Joins Other Pro-Climate Leaders in Condemning Regressive Move
WASHINGTON – Congresswoman Elaine Luria (VA-02) and other members of the New Democrat Coalition Climate Change Task Force this week condemned President Trump’s announcement that the U.S. would begin the withdrawal process from the Paris Climate Accord, leaving America as the only nation to abandon the global effort to combat climate change.
The four task force leaders stressed the importance of the United States’ recommitment to the agreement and our nation’s role as a global leader in combatting climate change:
“The President’s decision to begin formally withdrawing from the Paris Climate Agreement threatens our coastal community and puts our military readiness at risk,” NDC Climate Change Task Force Co-Chair Luria said. “The Department of Defense found that climate change is a ‘national security issue’ and ‘the greater Hampton Roads area is very vulnerable to flooding caused by rising sea levels and land subsidence.’ The Administration should listen to our military and reverse this decision.”
“In abandoning the Paris Agreement, the United States resigns its role as a global leader in the fight against climate change. The U.S. will become the sole major carbon polluter not a party to this agreement, abdicating our responsibility and compromising our ability to negotiate future international agreements,” NDC Climate Change Task Force Co-Chair Don Beyer (VA-08) said. “Taking us out of the Paris Accords isolates and embarrasses our country on the world stage. The United States must preserve its commitments at home and abroad.”
“As our country continues to experience dangerous wildfires, flooding, and extreme weather events, we need bold leadership on climate. Instead, President Trump has abdicated our role as a world leader in combating the climate crisis to side with polluters,” NDC Climate Change Task Force Co-Chair Sean Casten (IL-06) said. “The Administration’s decision to withdraw from the Paris Agreement is a catastrophic mistake – for our environment, our global standing, and our economy. America should be a leader in climate action, not the only nation not taking action. America is better than this. We must demand action on climate now.”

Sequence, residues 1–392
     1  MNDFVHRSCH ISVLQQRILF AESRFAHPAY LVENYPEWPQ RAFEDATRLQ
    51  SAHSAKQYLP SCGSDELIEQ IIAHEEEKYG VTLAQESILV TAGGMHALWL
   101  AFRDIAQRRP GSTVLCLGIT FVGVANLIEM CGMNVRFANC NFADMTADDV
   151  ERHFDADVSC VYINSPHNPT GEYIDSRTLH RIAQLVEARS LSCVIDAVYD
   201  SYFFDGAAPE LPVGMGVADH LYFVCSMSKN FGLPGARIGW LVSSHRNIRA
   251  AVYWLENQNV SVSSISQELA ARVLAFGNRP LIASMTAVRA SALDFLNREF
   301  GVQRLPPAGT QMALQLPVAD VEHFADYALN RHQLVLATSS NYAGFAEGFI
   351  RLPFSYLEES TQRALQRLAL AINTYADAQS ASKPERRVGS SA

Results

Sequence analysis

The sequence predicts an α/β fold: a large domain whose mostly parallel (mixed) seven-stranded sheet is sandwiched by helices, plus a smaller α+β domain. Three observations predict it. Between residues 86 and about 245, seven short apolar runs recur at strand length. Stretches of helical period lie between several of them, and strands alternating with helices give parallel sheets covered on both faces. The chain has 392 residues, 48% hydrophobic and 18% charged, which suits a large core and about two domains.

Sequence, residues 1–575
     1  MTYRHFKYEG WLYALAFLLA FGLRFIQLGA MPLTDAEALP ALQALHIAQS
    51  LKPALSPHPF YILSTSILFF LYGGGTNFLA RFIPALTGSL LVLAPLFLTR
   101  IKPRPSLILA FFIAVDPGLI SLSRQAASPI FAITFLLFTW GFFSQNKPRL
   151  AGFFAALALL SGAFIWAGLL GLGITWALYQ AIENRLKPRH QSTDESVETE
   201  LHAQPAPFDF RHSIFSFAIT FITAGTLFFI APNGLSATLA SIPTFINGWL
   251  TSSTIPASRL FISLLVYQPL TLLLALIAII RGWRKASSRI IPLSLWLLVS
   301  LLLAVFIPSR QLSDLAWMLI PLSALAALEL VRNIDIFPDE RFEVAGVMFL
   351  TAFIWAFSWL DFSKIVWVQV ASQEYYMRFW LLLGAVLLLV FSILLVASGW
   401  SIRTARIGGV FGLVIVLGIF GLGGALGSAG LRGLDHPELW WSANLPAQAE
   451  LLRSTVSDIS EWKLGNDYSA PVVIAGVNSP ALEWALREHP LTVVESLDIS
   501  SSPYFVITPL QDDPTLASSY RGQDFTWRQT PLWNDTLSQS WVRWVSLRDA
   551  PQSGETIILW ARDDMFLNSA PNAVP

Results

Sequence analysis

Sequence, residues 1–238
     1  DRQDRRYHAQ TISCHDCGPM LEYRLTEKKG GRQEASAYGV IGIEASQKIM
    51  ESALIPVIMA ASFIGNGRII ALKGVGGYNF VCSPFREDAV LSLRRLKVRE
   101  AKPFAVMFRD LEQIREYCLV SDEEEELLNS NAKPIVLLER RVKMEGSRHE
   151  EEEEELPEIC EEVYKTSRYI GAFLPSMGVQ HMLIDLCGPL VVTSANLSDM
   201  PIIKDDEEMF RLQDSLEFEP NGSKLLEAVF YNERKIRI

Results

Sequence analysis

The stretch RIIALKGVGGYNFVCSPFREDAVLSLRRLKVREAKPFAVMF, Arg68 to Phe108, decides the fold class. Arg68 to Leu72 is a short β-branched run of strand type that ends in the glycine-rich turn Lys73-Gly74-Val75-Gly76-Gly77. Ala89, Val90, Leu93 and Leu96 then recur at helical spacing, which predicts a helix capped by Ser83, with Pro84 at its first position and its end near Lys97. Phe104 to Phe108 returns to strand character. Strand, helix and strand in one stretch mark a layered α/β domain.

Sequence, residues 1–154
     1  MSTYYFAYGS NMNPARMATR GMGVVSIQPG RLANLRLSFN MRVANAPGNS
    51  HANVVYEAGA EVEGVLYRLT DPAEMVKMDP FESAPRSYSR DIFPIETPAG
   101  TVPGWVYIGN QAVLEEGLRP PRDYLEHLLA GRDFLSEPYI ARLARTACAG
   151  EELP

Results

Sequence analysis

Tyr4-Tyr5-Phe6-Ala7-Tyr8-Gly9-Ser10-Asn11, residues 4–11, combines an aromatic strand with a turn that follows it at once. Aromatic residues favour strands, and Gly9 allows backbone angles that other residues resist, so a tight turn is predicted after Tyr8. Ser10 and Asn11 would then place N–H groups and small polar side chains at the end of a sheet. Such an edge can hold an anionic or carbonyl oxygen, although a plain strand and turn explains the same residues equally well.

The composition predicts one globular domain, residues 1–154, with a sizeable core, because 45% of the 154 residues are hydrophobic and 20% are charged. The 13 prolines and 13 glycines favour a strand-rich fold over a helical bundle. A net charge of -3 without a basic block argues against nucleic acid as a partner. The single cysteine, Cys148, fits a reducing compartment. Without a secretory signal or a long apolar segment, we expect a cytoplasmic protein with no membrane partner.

“The Administration has sent official notice to the United Nations to become the only nation in the world not in the Paris Climate Accord. Months ago, the House passed the Climate Action Now Act to take this crisis seriously. It is now more important than ever that Senate Majority leader McConnell brings this to a vote in the Senate,” NDC Climate Change Task Force Co-Chair Susan Wild (PA-07) said.
“This is not the time for our nation to step away from the world stage. Just look at our region. Tribal members and coastal homeowners facing rising waters, shellfish growers watching changing ocean chemistry hurt their operations, and firefighters wrestling with more severe fires will tell you climate change is here,” NDC Chair Derek Kilmer (WA-06) said. “President Trump should listen to the American people who are not just demanding action – but leadership to counter the impacts of climate change.”
The NDC is committed to combatting climate change with the urgency it demands through durable, long-lasting, and pragmatic policy solutions. The Coalition, led by the Climate Change Task Force, recently released its Priorities for U.S. Climate Policy, a comprehensive pathway to addressing climate change through American leadership and global action toward decarbonization efforts and the attainment of net-zero emissions in the U.S. by 2050 at the latest. The NDC also endorsed a slate of 12 bills – 7 of which are bipartisan, including Congresswoman Luria’s Nuclear Energy Leadership Act – to take action on the priorities and begin pushing legislation forward. Among that slate of bills was H.R. 9, The Climate Action Now Act, which prohibits the United States from withdrawing from the Paris Climate Accord.
Background: The Paris Climate Accord is an international treaty developed under the United Nations Framework Convention on Climate Change (UNFCCC) in 2015. The accord aimed to bring all nations together into a common initiative to ambitiously combat climate change and adapt to its effects by drastically reducing greenhouse gas emissions. The reduction in emissions looked to hold global temperature rise in the 21st century well below 2 degrees Celsius above pre-industrial levels with efforts to limit increases even further to 1.5 degrees Celsius. President Trump first notified the United Nations of his intention to withdraw from the Paris Climate Accord on June 1, 2017; however, the Paris Agreement entered into force on November 4, 2016, with stipulations that no country could leave the accord for three years, after which there is a one-year waiting period for the withdrawal process to be finalized.